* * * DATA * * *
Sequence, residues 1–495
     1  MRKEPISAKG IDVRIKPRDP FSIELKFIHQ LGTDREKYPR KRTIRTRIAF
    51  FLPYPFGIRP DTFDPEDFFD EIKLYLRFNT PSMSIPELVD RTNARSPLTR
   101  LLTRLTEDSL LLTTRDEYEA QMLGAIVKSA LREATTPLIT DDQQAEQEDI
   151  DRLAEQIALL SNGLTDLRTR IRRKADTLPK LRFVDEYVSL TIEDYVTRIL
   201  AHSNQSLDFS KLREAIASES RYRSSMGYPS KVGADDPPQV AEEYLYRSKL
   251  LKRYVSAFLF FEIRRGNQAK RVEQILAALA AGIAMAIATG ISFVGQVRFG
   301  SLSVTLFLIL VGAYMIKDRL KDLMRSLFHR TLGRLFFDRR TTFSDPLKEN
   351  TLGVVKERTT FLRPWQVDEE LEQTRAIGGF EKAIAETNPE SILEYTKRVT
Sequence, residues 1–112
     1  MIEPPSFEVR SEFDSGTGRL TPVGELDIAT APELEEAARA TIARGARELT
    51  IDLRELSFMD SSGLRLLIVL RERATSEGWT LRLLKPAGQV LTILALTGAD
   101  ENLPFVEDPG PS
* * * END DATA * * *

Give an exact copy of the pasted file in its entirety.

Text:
Sequence, residues 1–495
     1  MRKEPISAKG IDVRIKPRDP FSIELKFIHQ LGTDREKYPR KRTIRTRIAF
    51  FLPYPFGIRP DTFDPEDFFD EIKLYLRFNT PSMSIPELVD RTNARSPLTR
   101  LLTRLTEDSL LLTTRDEYEA QMLGAIVKSA LREATTPLIT DDQQAEQEDI
   151  DRLAEQIALL SNGLTDLRTR IRRKADTLPK LRFVDEYVSL TIEDYVTRIL
   201  AHSNQSLDFS KLREAIASES RYRSSMGYPS KVGADDPPQV AEEYLYRSKL
   251  LKRYVSAFLF FEIRRGNQAK RVEQILAALA AGIAMAIATG ISFVGQVRFG
   301  SLSVTLFLIL VGAYMIKDRL KDLMRSLFHR TLGRLFFDRR TTFSDPLKEN
   351  TLGVVKERTT FLRPWQVDEE LEQTRAIGGF EKAIAETNPE SILEYTKRVT
Sequence, residues 1–112
     1  MIEPPSFEVR SEFDSGTGRL TPVGELDIAT APELEEAARA TIARGARELT
    51  IDLRELSFMD SSGLRLLIVL RERATSEGWT LRLLKPAGQV LTILALTGAD
   101  ENLPFVEDPG PS